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Tracing the Origins of Paris

Did you know that the site where Paris exists has been inhabited for more than 700,000 years ? Does Lutetia sound like a precursor to the city that we know as Paris today ? Did you ever walk by Cluny la Sorbonne without giving a second look to the Roman baths that have existed there for close to 20 centuries ?


Plan de Lutèce



From the earlier historical records, Lutetia (French 'Lutèce') is the ancestor of present day Paris from the pre-Roman and Gallic-Roman times around 52 BC. The Roman 'battle of Lutetia' happened around the area of ile-de-la-cité. At that time, the area was inhabited by the 'Parisii'- a Gallic boatsmen tribe. After conquering the area, Romans built the city on the left banks of the river on what is now Sainte-Geneviève hill (Montagne Sainte-Geneviève) near Panthéon. The city model was akin to other cities of the Roman Empire.The Roman urbanisation pattern can still be traced as rue Saint-Martin on the Right bank and rue Saint-Jacques on the left bank form the Roman main axis (cardo maximus).*


Part of the infrastructure that followed in building up the city has survived till this date. Roman baths at Cluny (near Sorbonne), the Forum (now rue Soufflot), the amphitheatre (arenas of Lutetia/ les arènes de Lutèce) and the theatre (rue Racine) bear the strength that has withstood the ravages of time. Boulevard Saint Michel, rue Saint Jacques on the left bank and rue Saint Martin, rue Saint-Denis on the right bank are historical heritage from a time gone by- these are the roads that were built in Lutetia during Roman Empire.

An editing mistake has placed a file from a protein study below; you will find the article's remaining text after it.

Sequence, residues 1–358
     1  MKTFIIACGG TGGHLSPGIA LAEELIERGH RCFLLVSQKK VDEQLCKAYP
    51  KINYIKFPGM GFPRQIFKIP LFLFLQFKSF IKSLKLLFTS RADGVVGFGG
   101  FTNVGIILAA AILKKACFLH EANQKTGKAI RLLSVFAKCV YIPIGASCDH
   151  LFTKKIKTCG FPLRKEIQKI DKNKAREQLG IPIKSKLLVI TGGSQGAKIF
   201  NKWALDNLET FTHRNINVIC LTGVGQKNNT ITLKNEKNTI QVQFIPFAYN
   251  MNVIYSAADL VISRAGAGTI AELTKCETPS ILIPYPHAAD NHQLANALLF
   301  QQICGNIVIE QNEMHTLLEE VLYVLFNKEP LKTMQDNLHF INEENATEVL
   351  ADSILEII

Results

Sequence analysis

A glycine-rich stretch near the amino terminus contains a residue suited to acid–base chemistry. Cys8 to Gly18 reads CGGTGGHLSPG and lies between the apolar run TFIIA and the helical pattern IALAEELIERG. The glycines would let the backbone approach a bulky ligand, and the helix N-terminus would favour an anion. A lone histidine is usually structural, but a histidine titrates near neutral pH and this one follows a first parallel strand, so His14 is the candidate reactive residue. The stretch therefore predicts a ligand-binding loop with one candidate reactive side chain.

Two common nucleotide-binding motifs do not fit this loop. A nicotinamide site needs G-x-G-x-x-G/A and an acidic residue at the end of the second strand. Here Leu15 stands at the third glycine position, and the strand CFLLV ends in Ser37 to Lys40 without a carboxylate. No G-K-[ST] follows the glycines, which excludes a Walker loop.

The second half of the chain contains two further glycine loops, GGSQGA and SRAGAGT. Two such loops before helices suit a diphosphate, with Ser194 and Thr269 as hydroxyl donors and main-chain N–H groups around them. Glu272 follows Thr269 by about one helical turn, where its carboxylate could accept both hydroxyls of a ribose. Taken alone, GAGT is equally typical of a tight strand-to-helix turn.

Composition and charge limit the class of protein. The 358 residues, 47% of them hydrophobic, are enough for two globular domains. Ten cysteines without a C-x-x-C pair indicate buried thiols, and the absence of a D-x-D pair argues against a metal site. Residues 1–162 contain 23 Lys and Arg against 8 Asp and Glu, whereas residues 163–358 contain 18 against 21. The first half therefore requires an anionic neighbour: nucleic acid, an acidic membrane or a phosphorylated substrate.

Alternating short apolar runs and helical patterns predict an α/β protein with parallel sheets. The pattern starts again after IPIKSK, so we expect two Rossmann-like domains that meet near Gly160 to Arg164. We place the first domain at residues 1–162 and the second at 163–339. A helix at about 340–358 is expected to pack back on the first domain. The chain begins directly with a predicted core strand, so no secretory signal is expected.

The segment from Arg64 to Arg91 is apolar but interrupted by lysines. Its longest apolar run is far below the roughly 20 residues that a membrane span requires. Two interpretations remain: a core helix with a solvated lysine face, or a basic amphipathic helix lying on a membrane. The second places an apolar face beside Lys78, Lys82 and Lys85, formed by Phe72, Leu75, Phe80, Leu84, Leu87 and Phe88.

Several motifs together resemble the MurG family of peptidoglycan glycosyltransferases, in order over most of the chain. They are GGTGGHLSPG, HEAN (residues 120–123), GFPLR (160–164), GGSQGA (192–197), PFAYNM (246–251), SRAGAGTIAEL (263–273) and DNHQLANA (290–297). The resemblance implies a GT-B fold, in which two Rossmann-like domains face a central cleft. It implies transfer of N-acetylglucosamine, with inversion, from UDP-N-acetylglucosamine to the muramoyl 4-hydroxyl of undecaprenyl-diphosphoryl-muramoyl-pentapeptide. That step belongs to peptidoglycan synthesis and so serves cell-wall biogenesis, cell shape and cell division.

Lutetia was developed on Roman pattern and Christianised as Saint Denis was sent to convert the Gauls in the third century. As the Bishop of the city, he invited the wrath of pagan priests by his conversions. He was beheaded around 250 AD on what was to become Montmartre (mountain of martyrs). Around 280 AD, Lutetia was invaded and destroyed by barbarian invaders. The city was named Paris around 4th Century, around the rule of Julian the apostate. It is said that nun Saint Geneviève saved Paris from the attack of Attila-the Hun in 451 AD. She was honoured as the patron saint of Paris. Her tomb is in the church of Saint-Etienne du Mont near Panthéon. Saint-Denis is also regarded as the patron saint of Paris and France.